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Most Americans agree misinformation is a problem, AP Poll claims



A recent poll by The Pearson Institute and The Associated Press-NORC Center for Publica Affairs research found that nearly all Americans agree that the spread of misinformation is a problem. Many Americans have attributed this to both social media companies and the U.S. government.

Ninety-five percent of Americans noted misinformation as a problem while accessing important information. Specifically half blamed the U.S. government for this issue, while three-quarters blame social media and big tech companies. AP News reported that the poll showed that few Americans believe they have contributed to the spread of misinformation (2 in 10). However, 6 in 10 are concerned that friends or family are spreading misinformation.

While the survey also found that 61% of Republicans put the responsibility on the government for spreading misinformation, only 38% of Democrats feel the same. However, both political parties find common ground in identifying the role that social media companies are playing in this growing issue. Seventy-nine percent of Republicans and 73% of Democrats reported that social media companies should take a large amount of responsibility for this problem.

“The AP-NORC poll is bad news for Facebook,” says Konstantin Sonin, a public policy professor at the University of Chicago. “It makes clear that assaulting Facebook is popular by a large margin – even when Congress is split 50-50, and each side has its own reasons.”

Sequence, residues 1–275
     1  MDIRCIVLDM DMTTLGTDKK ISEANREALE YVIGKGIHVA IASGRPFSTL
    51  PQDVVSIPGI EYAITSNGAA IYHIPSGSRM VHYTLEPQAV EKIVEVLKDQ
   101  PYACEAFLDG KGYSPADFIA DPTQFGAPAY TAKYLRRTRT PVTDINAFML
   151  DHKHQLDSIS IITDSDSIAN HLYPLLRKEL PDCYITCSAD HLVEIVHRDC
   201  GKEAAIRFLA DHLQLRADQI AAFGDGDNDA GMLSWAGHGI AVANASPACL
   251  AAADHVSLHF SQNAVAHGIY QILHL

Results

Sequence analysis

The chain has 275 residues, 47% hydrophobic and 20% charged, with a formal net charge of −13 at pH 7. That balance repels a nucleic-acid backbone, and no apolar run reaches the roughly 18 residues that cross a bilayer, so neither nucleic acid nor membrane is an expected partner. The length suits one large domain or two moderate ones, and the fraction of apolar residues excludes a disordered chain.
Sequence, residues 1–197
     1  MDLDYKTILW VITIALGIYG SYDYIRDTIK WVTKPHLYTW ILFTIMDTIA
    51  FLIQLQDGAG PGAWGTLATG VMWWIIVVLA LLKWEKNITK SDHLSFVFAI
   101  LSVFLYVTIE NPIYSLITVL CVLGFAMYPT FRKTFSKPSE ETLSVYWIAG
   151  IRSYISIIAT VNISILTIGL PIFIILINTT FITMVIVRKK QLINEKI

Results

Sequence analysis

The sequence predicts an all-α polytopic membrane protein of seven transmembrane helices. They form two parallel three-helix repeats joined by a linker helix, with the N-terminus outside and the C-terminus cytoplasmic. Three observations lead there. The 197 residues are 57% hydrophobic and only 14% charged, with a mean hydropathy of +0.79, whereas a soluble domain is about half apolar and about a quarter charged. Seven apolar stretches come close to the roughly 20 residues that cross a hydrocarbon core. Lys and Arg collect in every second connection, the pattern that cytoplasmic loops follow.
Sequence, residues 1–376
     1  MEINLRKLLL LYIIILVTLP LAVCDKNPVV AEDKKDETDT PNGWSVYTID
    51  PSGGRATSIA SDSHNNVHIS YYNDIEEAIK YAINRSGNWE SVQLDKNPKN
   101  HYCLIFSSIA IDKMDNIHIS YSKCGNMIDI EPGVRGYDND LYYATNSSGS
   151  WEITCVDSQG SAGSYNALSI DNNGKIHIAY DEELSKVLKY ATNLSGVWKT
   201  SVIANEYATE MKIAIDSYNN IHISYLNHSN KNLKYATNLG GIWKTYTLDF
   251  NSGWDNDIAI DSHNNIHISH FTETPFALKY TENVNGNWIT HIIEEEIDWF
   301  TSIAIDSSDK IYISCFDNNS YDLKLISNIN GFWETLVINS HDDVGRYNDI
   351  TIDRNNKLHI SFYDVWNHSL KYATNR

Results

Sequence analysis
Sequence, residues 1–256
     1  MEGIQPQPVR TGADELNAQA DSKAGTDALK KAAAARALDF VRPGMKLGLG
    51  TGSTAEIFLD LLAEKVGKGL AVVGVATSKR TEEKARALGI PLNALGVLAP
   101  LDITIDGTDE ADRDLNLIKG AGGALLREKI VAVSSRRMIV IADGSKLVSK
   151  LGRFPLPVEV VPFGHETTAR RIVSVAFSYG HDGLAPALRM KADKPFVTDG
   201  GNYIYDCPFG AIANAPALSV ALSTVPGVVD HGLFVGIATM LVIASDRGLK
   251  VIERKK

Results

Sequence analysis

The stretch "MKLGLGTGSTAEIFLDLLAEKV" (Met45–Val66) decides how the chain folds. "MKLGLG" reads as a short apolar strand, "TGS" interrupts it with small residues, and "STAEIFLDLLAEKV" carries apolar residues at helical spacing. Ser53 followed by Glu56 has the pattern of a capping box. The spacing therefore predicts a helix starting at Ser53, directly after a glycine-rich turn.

This comes after Tuesday’s congressional hearing where a Facebook whistleblower testified that the company’s research shows they are spreading misinformation and harmful content. “It has profited off spreading misinformation and disinformation and sowing hate,” Sen. Richard Blumenthal, D-Conn., said during a Senate Commerce Subcommittee meeting on Consumer Protection.  Congressional members on both sides of the aisle have promised to implement new regulations on Facebook and the way it spreads information and targets users.

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Terry A. Hurlbut has been a student of politics, philosophy, and science for more than 35 years. He is a graduate of Yale College and has served as a physician-level laboratory administrator in a 250-bed community hospital. He also is a serious student of the Bible, is conversant in its two primary original languages, and has followed the creation-science movement closely since 1993.

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